China aims to launch iron ore options next year, and the world’s top buyer of the steelmaking raw material is looking to offer more hedging tools to iron ore producers and steelmakers.
China’s plan follows the opening of its iron ore futures to foreign investors in May this year, and would challenge iron ore options in Singapore, where the bulk of global trade is concentrated, as well as in New York.
It would follow China’s launch of sugar and soymeal options last year and copper options, which debuted just last week, according to Reuters.
“The Dalian Commodity Exchange is still working on preparations for the iron ore options. But it won’t take too long and could be launched by the end of 2019 at the latest,” a source told Reuters, declining to be identified as the plan has not been approved by market regulators.
A speech by DCE General Manager at an industry conference last week mentioned that the exchange “will actively promote iron ore options and also aim to launch scrap steel futures as soon as possible.” The exchange “will actively promote iron ore options and also aim to launch scrap steel futures as soon as possible.”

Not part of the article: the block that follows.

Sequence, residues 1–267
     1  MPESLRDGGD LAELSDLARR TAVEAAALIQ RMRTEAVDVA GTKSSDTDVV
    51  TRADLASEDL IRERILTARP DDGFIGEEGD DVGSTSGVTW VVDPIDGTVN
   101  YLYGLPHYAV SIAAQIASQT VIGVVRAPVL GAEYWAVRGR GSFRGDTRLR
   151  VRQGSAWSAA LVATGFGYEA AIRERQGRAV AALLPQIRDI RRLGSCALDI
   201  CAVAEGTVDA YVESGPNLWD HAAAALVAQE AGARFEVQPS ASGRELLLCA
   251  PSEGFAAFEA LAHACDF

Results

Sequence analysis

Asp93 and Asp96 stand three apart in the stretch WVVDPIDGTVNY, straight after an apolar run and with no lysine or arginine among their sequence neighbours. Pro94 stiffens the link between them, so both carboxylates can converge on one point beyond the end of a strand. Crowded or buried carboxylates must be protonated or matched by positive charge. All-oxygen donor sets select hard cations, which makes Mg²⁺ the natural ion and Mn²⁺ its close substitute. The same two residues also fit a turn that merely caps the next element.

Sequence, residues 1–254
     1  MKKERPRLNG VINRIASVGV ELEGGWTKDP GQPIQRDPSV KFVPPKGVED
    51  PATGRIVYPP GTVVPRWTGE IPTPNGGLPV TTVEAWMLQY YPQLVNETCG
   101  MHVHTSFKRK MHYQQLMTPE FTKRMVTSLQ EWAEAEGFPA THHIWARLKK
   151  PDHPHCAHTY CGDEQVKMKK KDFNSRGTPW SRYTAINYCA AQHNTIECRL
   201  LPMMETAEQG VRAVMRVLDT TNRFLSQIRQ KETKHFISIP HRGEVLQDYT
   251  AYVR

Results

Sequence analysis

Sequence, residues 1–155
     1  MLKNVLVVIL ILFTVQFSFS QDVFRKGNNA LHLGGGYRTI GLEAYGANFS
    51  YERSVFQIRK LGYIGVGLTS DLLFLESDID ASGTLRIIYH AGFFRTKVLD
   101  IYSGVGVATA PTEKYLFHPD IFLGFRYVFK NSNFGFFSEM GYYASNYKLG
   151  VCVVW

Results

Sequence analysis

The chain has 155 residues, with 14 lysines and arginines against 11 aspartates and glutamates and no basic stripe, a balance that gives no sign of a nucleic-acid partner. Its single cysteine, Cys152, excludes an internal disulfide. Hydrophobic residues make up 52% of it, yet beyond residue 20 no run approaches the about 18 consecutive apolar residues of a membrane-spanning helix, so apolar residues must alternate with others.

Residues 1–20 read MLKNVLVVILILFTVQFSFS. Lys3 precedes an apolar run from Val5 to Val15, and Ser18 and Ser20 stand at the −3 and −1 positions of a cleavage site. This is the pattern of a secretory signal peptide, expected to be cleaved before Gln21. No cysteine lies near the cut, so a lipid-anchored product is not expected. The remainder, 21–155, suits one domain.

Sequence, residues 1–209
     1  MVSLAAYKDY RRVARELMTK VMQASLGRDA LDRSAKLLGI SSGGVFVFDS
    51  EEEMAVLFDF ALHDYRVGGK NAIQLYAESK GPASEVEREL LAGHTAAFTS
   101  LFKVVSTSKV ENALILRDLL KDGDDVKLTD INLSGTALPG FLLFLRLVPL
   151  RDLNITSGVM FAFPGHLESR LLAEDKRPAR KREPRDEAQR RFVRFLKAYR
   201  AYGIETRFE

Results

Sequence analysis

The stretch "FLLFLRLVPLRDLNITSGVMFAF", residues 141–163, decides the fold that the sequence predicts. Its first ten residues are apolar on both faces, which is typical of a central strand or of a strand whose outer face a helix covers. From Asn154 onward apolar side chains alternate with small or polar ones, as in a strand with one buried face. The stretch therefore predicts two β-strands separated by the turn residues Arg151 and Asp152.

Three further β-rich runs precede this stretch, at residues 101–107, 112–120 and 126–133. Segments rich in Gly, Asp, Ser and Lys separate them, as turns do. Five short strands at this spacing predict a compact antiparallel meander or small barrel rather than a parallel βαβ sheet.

As a hedging tool, options would allow iron ore traders, miners and steel mills to manage price exposure, giving the buyer the right – but no obligation – to assume a futures position at a specified price.
Iron ore options are mainly traded on the Singapore Exchange, with 1.77 million contracts, equal to 176.8 million tonnes, traded in January to August, exchange data showed. New York-based CME Group Inc also offers iron ore options.
The Dalian Commodity Exchange (DCE) allowed foreign investors to directly trade iron ore futures for the first time in May, hoping the most liquid iron ore derivative in the world would benefit from more institutional investors.
It was the second commodity that China opened to outside investors after the launch of crude oil futures in March this year.